Because our brain is only good at noticing change, anything that earns us an increase in happiness only manages to do so for a brief period of time, after which we get bored with it and move on to different things. (There's a great post about this over at WaitButWhy.) That's fine though, because there are tons of things in the world that have the potential of making us happy.

The problem with addictions is that, instead of becoming disinterested after a while, we only become more fixated on this single thing which then seems to somehow raise the bar for anything else to register as a happy making thing at all.

I even made a graph about this, which as far as I understand it, should do wonders for my presence on Pinterest.


What I'm trying to get across is that for anyone who is addicted to anything, the addiction screws up their ability to enjoy anything that falls below the happiness threshold as dictated by the thing they are addicted to. I picked nicotine as an example because it is the one I personally struggle with the most, but the fun part is that anything you can think of could be put in its place and ruin your enjoyment of the things below the line. Where a normal person's happiness threshold would be somewhere between "sunny day" and "having fingers", to anyone who is addicted to nicotine, none of that bottom stuff would even register as long as they are lacking their fix. If you are addicted to anything serious, you're shit out of luck, because your happiness threshold isn't even on this graph.

I know this isn't a very good graph. I don't even know why time is a dimension, and it makes it seem as though having fingers is just a momentary thing to enjoy before it is gone forever. Basically, I suck at graphs.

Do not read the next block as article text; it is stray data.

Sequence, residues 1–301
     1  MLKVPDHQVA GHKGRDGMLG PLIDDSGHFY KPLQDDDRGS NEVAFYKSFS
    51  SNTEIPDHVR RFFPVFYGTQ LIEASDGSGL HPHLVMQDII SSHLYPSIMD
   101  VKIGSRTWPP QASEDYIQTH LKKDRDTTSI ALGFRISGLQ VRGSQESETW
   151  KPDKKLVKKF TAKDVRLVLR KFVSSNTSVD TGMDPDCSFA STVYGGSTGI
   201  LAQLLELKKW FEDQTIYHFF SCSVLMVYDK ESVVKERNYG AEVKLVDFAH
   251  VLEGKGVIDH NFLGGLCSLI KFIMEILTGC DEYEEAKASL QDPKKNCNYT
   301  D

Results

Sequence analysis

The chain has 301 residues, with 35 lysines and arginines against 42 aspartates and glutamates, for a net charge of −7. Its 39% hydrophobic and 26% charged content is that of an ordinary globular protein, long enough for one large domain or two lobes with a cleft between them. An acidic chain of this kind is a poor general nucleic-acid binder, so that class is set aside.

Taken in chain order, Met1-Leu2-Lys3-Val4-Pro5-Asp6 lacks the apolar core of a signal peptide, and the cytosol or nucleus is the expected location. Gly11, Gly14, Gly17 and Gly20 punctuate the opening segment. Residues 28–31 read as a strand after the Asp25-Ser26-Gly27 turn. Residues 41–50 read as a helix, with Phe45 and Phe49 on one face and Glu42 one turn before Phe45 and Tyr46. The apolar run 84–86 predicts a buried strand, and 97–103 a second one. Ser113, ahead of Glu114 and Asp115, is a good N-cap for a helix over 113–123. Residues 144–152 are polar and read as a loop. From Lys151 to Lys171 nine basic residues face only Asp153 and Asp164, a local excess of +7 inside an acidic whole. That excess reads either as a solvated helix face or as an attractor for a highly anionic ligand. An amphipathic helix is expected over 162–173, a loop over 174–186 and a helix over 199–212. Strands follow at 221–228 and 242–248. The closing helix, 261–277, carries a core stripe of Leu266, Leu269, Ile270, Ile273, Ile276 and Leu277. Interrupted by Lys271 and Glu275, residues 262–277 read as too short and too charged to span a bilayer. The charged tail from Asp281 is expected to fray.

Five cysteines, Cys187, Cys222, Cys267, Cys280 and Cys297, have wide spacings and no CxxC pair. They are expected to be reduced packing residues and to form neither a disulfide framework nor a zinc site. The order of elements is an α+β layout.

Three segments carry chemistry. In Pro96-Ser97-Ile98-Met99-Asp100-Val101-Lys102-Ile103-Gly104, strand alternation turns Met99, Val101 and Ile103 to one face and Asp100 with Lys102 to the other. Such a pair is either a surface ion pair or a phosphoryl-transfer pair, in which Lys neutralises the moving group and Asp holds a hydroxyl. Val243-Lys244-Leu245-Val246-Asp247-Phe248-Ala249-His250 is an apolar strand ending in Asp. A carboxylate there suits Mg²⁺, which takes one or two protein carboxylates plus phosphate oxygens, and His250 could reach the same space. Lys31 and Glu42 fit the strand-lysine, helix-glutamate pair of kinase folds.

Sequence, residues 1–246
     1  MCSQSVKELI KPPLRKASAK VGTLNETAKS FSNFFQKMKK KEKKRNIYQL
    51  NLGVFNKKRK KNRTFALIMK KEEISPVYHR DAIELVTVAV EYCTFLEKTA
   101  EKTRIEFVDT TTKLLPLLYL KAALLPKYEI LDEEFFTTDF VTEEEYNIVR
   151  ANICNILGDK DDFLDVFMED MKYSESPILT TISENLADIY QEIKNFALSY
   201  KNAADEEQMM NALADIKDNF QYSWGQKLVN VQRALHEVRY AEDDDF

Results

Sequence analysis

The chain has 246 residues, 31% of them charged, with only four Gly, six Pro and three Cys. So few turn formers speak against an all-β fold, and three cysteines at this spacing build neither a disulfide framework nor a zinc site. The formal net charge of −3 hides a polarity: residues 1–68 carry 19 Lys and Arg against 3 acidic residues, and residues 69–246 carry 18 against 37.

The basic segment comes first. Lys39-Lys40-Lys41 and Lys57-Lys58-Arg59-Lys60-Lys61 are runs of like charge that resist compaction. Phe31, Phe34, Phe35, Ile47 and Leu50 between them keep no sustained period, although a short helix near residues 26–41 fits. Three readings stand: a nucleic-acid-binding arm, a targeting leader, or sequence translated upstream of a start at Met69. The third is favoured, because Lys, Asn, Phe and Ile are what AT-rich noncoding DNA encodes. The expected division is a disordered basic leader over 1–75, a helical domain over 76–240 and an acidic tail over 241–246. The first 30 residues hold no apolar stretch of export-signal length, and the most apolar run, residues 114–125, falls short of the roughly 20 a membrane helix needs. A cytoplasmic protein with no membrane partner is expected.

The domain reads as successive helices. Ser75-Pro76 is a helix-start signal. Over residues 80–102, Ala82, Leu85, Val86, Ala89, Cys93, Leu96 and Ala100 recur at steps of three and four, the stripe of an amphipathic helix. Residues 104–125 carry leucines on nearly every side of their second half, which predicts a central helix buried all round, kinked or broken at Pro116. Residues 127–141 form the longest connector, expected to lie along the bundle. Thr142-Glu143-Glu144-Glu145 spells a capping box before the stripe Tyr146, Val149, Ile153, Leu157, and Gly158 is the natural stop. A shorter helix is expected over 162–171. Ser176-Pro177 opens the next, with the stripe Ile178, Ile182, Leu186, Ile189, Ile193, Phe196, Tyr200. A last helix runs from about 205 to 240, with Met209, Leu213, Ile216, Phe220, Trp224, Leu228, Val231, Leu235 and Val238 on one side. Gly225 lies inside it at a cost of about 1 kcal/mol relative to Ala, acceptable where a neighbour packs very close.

I was lying awake at 3 am last night thinking about this, and figured it would make a lot more sense if I drew it as a fishbowl...

I used to be an adventurer like you. Now I'm a fucking fish.

But now I'm not so sure anymore. I mean, it certainly seems more accurate (The nicotine fish is dead! The drug fish isn't even in the bowl, man! The sex fish... seems happy.) but now I'm worried that all I did was drop all scientific pretense and replace it with weird symbolism while also inadvertently illustrating the main difference between analytic and continental philosophy and completely losing sight of what I was going to talk about.

I can already tell this was an excellent idea.

Anyway! Obviously, the only way to reclaim the fun in your life is to re-learn to enjoy what's in the fishbowl below the water. So far, I've found only one way to successfully achieve that, and that's what the next post will be about. I can already give you a spoiler though: it sucks donkey balls!

Until then, I'd love to know about all of your obsessions and addictions. If anyone can beat Granny Smith apples, they get a cherry.


*All of this is of course very much based on personal experience, and should the freaking fishbowl not have tipped you off: there's absolutely nothing scientific about any of this.